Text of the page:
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The Psychology of the G-Spot

The controversy behind an anatomical mystery.

Key points

  • The G-spot has a long and controversial history among both sex researchers and social activists.
  • It’s not entirely clear whether the G-spot truly exists as a unique, identifiable anatomical structure.
  • It's important to highlight female sexual anatomy that bears relevance to pleasure, which is often stigmatized and ignored.
Alexander Krivitski/Unsplash
Is the G-spot real?
Source: Alexander Krivitski/Unsplash

One thing I get asked all the time by my students, as well as by my Instagram followers, is to explain the difference between a “clitoral orgasm” versus a “G-spot orgasm.” In other words, when a person with a vulva has an orgasm that is brought on by clitoral stimulation, is it somehow physiologically or psychologically different than one that comes from stimulating the G-spot? Which leads to the even more basic question of "does the G-spot even exist?"

A question of anatomy

To understand the answer to these questions, we need to back up for a second and discuss some anatomy. The clitoris is an external feature that resides where the inner labia meet at the top of the vulva. The G-spot (if it exists) is internal and three inches inside the vagina on the upper, frontal wall. Some women describe its texture as walnut-like compared to the relatively smooth texture of the surrounding inner vaginal wall.

The controversy

The G-spot has a long, controversial history among both sex researchers and social activists. On one side there is the group that points to the importance of highlighting any type of female anatomy related to sexual pleasure, which traditionally is a topic that has been stigmatized and ignored.

Yet it’s not entirely clear whether the G-spot truly exists as a unique, identifiable anatomical structure. Not every woman claims to have one. Twin studies, the gold standard for determining whether something is biologically determined, suggest that the G-spot is not something that is inherited genetically. On average, having a twin who has a G-spot makes you no more or less likely to inherit one yourself. This suggests that the G-spot, if not genetically determined, must not be “real.” The G-spot may be just a general area of the vagina that feels good when stimulated, for a certain group of women.

The question of just how much emphasis should be placed on the G-spot has also attracted the attention of feminists and other advocates of female sexual pleasure. Research consistently shows that most women reach orgasm more easily from clitoral stimulation than through stimulation of the G-spot through penetrative sex (Shirazi, et al. 2018). Yet culturally the status of penetrative sex has traditionally been massively elevated and deemed the only type of "real" sex. Even Sigmund Freud claimed that female orgasms brought on by penetrative sex are more “mature” than clitoral orgasms.

All of this reinforces the notion that women who orgasm with their partner via G-spot stimulation are psychologically better off than women who only orgasm from clitoral stimulation. The point is that this all casts a lot of shame on women who worry about not being able to find their G-spot and who can’t orgasm from penetrative sex alone.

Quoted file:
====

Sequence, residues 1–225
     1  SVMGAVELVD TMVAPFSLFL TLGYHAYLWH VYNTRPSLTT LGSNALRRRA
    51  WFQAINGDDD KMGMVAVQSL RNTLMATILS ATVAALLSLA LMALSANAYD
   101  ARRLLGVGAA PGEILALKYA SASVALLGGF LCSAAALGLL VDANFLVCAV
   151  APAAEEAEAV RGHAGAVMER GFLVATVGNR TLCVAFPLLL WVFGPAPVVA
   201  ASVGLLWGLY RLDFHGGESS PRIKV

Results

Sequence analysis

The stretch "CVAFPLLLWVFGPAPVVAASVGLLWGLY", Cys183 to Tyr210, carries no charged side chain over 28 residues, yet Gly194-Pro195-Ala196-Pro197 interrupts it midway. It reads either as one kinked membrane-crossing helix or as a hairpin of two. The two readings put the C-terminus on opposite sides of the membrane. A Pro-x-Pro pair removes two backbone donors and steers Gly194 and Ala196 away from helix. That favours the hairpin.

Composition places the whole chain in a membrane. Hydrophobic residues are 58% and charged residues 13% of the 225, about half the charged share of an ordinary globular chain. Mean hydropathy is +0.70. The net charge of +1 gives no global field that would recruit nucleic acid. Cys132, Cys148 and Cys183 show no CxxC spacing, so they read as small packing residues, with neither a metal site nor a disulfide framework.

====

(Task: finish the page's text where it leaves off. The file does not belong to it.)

What the science has to say

In terms of whether G-spot versus clitoral orgasms are physiologically different, it helps to look at research using ultrasounds. These studies show that both types of orgasms involve the same vaginal muscular contractions that typically happen during orgasm. There are slight differences in blood flow (Levin & Wagner, 1985). When an orgasm results from clitoral stimulation, there tends to be more blood flow to the clitoral region whereas when orgasm results from the G-spot, blood flow concentrates around the vagina. Female orgasms that are stimulated via the G-spot are also more likely to lead to female ejaculation (aka “squirting”), where a small amount of fluid from the Skene’s gland is pushed through the urethra during orgasm (Addiego, 1976).

From a sensation standpoint though, in terms of how the orgasm actually feels, the answer becomes much more subjective. Some studies report that women do experience clitoral versus G-spot orgasms differently (Pfaus et al, 2016). Through self-report, female participants in one study described a clitoral orgasm as localized, intense, and physically satisfying, whereas a vaginal orgasm was described as stronger and longer lasting than clitoral orgasm, "deeper," a "whole body" sensation with throbbing feelings, and more psychologically satisfying. However, despite these subjective differences, there was no clear subjective winner between the two in terms of which one was “better” and most women utilized some blended stimulation of the two to achieve orgasm.

It could be that G-spot orgasms are “deeper” and more “whole body,” but it’s difficult to tease out the extent to which these differences stem from real sensation differences or simply reflect confirmation bias in a culture that promotes penetrative sex as “deeper” and “more real.” Ultimately, however, a woman’s orgasm is all her own, and diversity in experiences and sensations from person to person is likely a large part of the answer.

References

Levin RJ, Wagner G. Orgasm in women in the laboratory--quantitative studies on duration, intensity, latency, and vaginal blood flow. Archives of Sexual Behavior 1985 Oct;14(5):439-49

Addiego F, Belzer E. G, Comolli J, Moger W, Perry J. D, Whipple B. Female ejaculation: A case study. Journal of Sex Research. 1981;17:13–21.

Pfaus JG, Quintana GR, Mac Cionnaith C, Parada M. The whole versus the sum of some of the parts: toward resolving the apparent controversy of clitoral versus vaginal orgasms. Socioaffect Neurosci Psychol. 2016;6:32578. Published 2016 Oct 25.

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